All participants had newly diagnosed IIH, meeting the modified Dandy criteria. In addition to papilledema, these criteria include signs and symptoms of increased intracranial pressure (ICP), normal level of alertness (other than increased ICP), normal neurodiagnostics (except elevated ICP), and no other cause of increased ICP.

Participants also had to have mild visual field loss (a perimetric mean deviation [PMD] of −2 to −7 dB in the worse eye). PMD is a global indication of visual loss; the closer the number is to zero, the better the vision; the more negative the number, the worse the vision.

Patients were randomly assigned to receive either placebo or acetazolamide, starting with 1 g daily and gradually increasing this every 6 days to a maximum of 4 g a day. The average dose of the drug during the study was 2.5 g a day (the equivalent of placebo was 3.5 g a day).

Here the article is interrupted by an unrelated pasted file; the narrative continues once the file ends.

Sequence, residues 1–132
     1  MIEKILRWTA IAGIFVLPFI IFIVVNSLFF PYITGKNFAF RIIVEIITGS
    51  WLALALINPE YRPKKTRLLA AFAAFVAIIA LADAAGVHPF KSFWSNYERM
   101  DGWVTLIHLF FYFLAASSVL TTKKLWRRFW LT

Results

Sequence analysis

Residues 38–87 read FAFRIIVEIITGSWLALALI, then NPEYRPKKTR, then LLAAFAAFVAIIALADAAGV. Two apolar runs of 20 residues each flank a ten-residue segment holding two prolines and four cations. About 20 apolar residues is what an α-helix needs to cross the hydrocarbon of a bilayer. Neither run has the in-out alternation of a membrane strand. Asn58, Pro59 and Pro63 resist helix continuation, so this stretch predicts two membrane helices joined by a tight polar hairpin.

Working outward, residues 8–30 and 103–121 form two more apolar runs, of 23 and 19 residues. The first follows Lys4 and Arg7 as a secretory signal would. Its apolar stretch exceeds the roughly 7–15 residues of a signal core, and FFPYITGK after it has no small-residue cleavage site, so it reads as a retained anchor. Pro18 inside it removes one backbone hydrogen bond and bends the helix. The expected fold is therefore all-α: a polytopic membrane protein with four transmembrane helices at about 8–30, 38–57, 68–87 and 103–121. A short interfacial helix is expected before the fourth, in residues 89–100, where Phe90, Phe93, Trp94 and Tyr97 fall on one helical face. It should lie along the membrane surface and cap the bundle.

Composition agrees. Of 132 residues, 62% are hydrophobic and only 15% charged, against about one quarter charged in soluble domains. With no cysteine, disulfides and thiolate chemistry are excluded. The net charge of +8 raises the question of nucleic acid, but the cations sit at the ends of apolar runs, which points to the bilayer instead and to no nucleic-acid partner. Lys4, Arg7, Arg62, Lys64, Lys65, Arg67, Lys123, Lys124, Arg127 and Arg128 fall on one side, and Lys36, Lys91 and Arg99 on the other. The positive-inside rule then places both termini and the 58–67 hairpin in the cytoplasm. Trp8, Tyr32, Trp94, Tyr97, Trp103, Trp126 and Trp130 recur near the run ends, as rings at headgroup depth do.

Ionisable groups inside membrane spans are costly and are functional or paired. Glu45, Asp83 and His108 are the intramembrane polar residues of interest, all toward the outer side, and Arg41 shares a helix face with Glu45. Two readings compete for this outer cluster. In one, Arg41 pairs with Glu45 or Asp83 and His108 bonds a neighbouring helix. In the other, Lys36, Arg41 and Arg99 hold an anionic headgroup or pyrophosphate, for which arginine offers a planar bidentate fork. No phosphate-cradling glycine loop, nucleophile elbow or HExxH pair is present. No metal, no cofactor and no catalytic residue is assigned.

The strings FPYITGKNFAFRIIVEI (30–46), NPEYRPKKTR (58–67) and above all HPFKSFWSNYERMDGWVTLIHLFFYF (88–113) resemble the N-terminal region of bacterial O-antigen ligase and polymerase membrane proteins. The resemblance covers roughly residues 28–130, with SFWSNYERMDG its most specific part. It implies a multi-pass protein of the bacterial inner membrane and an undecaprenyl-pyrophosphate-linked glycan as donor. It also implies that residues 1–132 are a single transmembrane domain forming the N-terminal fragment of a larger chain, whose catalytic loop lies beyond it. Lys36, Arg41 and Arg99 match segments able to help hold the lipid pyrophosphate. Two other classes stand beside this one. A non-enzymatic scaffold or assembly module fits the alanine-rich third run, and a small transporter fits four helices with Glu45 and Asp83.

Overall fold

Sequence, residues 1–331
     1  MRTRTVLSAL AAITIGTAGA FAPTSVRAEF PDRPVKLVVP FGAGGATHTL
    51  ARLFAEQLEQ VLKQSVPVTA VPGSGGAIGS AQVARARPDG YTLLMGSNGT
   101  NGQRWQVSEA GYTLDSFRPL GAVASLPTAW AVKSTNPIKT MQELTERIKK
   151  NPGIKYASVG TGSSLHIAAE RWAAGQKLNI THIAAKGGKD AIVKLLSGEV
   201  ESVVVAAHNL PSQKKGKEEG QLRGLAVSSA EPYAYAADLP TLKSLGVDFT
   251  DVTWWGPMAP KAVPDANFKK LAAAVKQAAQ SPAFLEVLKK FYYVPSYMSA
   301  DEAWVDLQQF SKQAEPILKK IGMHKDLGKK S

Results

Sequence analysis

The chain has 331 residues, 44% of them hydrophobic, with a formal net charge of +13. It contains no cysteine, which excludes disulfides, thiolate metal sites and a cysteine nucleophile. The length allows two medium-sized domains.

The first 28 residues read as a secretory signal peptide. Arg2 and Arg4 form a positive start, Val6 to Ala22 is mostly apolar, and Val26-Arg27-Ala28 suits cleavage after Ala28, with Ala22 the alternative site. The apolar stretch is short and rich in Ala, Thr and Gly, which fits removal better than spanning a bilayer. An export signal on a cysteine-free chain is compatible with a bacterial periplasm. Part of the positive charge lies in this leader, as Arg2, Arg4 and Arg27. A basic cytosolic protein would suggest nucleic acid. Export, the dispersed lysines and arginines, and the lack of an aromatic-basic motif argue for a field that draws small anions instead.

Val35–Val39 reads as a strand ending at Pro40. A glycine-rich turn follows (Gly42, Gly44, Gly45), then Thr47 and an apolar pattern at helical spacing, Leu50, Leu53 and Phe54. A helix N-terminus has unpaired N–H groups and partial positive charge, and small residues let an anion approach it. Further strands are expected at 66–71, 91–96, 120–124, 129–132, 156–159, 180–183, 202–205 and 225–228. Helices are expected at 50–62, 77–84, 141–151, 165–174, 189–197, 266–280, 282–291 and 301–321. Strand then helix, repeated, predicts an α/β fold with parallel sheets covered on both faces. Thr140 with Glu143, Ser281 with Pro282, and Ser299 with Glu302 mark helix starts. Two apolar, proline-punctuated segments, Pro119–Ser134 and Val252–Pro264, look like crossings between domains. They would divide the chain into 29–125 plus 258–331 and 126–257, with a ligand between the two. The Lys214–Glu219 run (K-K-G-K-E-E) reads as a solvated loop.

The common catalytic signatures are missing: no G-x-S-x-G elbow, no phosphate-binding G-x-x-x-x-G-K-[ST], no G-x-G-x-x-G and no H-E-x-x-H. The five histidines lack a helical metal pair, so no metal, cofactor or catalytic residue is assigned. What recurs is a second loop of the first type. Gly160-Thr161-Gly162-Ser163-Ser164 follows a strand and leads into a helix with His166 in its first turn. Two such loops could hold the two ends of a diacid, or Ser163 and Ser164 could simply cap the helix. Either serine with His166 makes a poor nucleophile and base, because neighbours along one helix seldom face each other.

All patients were told to follow a low-sodium, weight-reduction diet.

Role of Diet

The role of diet in IIH dates back 40 years, when researchers reported that papilledema resolved with a very low calorie diet, although "unfortunately, they didn't do any visual testing," said Dr. Friedman. Other than this and 1 other study that found that a low-calorie diet decreased cerebrospinal fluid pressure, most of the reports looking at diet and acetazolamide are "anecdotal," she said.

Although physicians have been using acetazolamide to treat IIH for a long time, the evidence of its efficacy is scarce. According to the Cochrane Review (in 2005 and again in 2009), existing studies "don't allow for the quantification of either the relative or absolute benefit of any of the treatments and there is a desperate need for large studies that can provide this information."